I was reviewing my monthly expenses and decided to cancel my subscription to The Economist. I thought this would be simple to do online, just like signing up was. But for a newspaper that treats its readers like adults, I was surprised at how annoying the process to unsubscribe was.
First I had to dig around on their website to find the following page to start the cancellation process:
Apart from the emotional appeal, the page employs the dark pattern of inverted button colours. The action you want to take is hard to see at the bottom of the page.
The next page revealed that chatting to a salesperson is the only way to cancel:
The customer retention sales strategies began:
After thinking for a while, he found a “better option” for me than cancellation. I could stay subscribed with an even better special offer than I was first given!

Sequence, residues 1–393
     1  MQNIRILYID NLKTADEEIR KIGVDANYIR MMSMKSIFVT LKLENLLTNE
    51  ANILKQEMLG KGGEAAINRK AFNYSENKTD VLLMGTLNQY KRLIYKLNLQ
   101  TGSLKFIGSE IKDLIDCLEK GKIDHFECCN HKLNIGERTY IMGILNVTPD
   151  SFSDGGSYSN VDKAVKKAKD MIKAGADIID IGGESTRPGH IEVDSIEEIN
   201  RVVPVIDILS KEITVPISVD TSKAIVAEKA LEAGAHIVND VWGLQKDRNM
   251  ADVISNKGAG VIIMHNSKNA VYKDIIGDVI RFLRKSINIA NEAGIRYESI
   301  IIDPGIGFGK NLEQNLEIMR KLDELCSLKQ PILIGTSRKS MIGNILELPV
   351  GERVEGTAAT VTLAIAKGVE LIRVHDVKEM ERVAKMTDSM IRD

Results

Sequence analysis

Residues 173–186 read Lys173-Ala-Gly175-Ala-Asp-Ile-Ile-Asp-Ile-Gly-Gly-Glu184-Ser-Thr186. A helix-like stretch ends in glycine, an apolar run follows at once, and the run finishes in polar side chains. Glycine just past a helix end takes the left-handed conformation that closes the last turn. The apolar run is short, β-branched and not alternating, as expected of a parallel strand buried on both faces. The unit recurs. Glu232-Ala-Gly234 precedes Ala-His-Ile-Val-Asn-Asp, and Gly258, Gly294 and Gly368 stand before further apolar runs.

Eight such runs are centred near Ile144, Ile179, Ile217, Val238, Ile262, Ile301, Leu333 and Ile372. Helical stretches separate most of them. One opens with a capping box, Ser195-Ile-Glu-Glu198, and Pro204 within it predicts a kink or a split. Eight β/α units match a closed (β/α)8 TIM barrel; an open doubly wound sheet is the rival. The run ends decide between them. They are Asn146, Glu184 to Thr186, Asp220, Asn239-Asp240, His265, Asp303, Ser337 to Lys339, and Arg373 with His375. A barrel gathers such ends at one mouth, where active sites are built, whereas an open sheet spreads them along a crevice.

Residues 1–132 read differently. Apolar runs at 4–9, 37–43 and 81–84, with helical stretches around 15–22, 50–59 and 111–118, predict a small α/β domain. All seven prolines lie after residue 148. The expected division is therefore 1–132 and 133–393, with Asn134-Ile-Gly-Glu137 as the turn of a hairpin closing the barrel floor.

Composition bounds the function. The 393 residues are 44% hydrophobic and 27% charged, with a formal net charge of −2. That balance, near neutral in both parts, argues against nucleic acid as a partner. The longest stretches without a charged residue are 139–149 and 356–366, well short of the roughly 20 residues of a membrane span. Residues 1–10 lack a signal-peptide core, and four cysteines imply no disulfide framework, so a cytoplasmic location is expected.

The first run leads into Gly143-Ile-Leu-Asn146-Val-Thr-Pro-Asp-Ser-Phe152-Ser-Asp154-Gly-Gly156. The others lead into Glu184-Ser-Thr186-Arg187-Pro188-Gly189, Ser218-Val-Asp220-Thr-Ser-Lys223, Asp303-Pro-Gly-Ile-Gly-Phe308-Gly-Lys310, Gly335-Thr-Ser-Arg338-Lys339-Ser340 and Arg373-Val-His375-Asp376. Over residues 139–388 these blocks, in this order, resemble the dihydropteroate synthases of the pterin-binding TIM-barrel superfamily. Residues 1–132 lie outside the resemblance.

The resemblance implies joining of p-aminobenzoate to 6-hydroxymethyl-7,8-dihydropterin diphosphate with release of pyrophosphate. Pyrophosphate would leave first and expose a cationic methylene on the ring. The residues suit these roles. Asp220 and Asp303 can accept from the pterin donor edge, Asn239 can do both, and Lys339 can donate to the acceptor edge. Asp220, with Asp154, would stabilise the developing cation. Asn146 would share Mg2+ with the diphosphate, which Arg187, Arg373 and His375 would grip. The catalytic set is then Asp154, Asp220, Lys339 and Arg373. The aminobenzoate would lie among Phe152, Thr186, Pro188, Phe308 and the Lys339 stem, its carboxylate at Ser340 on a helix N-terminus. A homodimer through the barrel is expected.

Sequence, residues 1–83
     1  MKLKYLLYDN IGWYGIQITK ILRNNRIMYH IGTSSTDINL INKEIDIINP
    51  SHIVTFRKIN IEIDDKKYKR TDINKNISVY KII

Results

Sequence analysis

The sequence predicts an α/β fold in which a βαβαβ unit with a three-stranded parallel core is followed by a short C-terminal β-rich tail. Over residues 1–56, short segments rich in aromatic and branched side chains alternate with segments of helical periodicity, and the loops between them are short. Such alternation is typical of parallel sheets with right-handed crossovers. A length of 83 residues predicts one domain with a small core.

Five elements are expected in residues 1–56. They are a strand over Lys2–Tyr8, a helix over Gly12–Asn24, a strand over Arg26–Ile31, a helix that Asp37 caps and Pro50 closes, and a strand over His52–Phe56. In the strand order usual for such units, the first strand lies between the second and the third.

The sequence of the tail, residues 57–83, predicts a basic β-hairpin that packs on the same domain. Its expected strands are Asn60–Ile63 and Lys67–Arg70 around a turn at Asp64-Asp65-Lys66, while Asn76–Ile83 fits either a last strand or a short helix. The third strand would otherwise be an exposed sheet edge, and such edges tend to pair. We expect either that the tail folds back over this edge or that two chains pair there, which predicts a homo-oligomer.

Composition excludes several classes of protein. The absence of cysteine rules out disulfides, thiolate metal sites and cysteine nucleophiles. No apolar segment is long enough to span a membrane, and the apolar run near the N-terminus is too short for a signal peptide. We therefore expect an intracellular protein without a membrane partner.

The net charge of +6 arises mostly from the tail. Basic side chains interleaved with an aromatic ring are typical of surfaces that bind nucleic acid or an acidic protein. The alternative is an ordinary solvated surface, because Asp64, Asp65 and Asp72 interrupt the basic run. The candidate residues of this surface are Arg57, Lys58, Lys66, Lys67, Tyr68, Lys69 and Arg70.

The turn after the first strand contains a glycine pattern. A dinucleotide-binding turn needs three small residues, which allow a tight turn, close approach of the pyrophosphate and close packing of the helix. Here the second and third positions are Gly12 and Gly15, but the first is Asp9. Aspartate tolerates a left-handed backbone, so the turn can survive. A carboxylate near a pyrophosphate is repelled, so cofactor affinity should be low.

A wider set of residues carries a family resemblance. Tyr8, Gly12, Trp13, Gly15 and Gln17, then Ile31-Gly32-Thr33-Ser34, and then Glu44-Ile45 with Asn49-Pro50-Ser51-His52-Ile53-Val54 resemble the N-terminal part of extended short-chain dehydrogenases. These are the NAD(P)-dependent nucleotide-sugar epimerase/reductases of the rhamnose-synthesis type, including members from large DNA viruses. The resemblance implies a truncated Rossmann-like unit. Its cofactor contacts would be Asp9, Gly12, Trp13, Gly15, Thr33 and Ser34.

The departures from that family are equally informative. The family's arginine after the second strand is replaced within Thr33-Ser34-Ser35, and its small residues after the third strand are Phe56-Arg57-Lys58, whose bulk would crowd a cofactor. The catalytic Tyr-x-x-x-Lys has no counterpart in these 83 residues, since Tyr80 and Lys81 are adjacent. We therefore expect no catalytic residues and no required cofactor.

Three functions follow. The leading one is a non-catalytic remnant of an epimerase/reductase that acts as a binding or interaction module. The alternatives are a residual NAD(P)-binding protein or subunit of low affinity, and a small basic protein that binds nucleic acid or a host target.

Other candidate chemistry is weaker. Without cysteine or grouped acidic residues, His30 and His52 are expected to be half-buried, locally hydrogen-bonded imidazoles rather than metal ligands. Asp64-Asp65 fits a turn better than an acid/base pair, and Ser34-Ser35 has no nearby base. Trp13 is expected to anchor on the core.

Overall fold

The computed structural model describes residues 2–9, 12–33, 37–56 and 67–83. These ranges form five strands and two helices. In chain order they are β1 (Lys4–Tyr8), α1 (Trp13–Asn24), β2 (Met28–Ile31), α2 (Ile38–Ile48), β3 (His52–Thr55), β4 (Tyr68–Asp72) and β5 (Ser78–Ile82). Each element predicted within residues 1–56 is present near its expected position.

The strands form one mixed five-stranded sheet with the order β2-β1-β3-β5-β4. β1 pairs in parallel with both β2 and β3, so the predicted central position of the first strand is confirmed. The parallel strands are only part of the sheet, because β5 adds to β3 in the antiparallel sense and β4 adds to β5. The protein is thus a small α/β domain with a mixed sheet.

Not tempted by the “tremendous” deals I was being presented with, I stated that I wanted to cancel my subscription for the fourth time.
Finally the salesperson admitted defeat:
Soon after, I received an email trying to get me to resubscribe:
I might have considered re-subscribing before, but won’t be after this experience. It’s ridiculous to be subjected to pressure sales tactics from a well-regarded newspaper and have to confirm that I want to cancel at least five times. I’ll put up with “customer retention strategies” from my Internet Services Provider, since I have to, but not for a newspaper which could be regarded as a luxury.
More generally, if I can subscribe by submitting a form online, then I should be able to unsubscribe by submitting a form online too.